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TV-PGMay 17, 2001: Is it just us, or do Apple's new retail stores not have a name? Meanwhile, new evidence indicates that the Mac community really is a cult, and Pixar switches from SGI to Linux-- after planning to move to Windows...
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...In A Store With No Name (5/17/01)
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Sure, we all know retail is tough, and that Apple probably has a bumpy ride ahead-- certainly many analysts and pundits seem to think so. But has anyone stopped to consider the stress that Apple's retail initiative is putting on the Mac fanatics in the trenches? We've seen more than a few Apple enthusiasts stopped cold in mid-sentence-- not because they couldn't come up with nice things to say about the stores and the good they will bring to the Mac platform, but because they simply don't know what to call these new stores in the first place. Frankly, it's a nomenclatural nightmare.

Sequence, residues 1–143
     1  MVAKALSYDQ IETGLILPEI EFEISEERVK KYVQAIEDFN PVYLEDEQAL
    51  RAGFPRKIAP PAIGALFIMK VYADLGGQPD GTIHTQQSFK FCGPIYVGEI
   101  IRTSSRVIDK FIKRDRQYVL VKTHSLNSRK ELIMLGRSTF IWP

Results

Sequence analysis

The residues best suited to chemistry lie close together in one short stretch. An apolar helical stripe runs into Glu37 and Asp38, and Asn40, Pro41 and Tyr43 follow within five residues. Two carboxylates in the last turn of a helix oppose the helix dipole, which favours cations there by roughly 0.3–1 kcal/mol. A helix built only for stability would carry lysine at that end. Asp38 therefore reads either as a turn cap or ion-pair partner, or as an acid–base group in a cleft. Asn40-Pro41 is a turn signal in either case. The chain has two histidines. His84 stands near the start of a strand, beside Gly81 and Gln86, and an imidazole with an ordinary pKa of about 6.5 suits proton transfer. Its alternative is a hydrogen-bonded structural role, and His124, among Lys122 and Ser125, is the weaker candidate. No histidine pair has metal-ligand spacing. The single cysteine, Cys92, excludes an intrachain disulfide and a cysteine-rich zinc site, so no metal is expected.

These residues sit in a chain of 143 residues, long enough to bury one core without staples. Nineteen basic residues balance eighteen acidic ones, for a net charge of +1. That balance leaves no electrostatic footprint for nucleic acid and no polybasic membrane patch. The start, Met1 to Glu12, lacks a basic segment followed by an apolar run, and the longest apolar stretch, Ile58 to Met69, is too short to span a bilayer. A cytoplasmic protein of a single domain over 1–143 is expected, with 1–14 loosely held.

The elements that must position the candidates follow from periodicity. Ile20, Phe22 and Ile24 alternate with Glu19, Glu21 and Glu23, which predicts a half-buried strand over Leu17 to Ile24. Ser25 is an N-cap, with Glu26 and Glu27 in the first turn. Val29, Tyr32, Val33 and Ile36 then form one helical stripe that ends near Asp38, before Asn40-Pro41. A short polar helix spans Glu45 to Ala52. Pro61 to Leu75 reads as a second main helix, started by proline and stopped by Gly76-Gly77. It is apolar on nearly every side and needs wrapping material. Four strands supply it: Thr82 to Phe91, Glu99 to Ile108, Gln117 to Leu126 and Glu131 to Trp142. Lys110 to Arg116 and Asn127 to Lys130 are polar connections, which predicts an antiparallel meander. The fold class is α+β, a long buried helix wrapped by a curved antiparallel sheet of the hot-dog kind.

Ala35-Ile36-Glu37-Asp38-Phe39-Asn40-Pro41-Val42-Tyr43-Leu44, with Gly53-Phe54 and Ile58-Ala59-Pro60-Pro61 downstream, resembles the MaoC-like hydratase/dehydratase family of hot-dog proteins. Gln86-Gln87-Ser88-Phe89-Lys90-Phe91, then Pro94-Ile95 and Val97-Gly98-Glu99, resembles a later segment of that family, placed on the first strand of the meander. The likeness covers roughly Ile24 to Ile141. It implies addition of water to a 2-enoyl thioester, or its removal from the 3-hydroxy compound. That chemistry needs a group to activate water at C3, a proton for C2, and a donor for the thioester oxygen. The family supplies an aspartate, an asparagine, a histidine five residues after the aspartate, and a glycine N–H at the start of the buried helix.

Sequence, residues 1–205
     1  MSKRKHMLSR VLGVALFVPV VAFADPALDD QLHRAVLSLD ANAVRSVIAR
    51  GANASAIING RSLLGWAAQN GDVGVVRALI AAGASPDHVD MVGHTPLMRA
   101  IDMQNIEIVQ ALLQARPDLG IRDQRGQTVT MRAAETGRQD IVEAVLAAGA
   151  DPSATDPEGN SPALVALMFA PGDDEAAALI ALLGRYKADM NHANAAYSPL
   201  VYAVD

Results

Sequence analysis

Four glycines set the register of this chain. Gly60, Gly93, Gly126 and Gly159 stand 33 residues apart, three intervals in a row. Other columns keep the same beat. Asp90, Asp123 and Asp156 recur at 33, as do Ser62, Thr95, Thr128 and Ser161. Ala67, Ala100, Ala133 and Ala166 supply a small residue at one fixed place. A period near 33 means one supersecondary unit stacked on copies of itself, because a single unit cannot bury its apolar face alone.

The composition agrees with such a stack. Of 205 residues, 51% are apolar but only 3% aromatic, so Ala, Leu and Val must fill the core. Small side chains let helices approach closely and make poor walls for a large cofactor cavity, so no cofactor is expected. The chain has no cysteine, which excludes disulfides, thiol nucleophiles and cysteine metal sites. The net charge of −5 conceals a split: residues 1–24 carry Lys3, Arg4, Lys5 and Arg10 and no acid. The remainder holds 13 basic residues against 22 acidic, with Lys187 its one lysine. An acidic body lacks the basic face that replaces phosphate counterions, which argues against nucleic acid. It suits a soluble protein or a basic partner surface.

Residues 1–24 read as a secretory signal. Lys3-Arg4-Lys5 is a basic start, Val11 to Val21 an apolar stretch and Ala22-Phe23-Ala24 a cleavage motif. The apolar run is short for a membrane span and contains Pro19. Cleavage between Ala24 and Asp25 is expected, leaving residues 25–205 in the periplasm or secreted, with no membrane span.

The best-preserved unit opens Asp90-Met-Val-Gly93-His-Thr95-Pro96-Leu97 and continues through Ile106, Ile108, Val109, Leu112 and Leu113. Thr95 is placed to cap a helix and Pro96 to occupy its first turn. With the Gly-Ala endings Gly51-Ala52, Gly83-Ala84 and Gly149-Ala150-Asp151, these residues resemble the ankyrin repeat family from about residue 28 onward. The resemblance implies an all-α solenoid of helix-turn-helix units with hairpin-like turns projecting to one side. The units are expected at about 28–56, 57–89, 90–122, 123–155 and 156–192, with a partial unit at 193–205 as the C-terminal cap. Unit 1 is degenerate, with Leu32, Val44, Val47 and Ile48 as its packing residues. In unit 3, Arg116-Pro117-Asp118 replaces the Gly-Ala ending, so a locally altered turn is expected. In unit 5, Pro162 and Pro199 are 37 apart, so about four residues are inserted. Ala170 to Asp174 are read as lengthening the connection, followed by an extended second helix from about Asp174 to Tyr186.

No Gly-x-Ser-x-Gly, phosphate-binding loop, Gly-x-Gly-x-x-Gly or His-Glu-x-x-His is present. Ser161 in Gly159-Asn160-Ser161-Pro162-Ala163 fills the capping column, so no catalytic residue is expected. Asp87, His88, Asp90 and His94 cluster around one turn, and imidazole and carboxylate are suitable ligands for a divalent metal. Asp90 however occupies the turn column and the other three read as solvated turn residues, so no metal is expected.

We've been talking about these stores for months, now-- years, even. And in all that time, we've been forced to use unwieldy, dull, and un-Maclike generic phrases such as "Apple retail stores," "brick-and-mortar Apple stores," and "Apple's own stores" to describe the concept. (The engagingly simple "Apple store" causes too much confusion with Apple's online sales effort.) We had hoped that once Apple took the wraps off its first, uh, "Apple-owned retail outlet" earlier in the week, we'd finally have a real name to use, like iStore or MacVille or... well, just about anything. Instead, we found ourselves faced with the only situation worse than having to fall back on lame, uninteresting "Apple retail stores"-like phrases: as far as we can make out, these places have no name.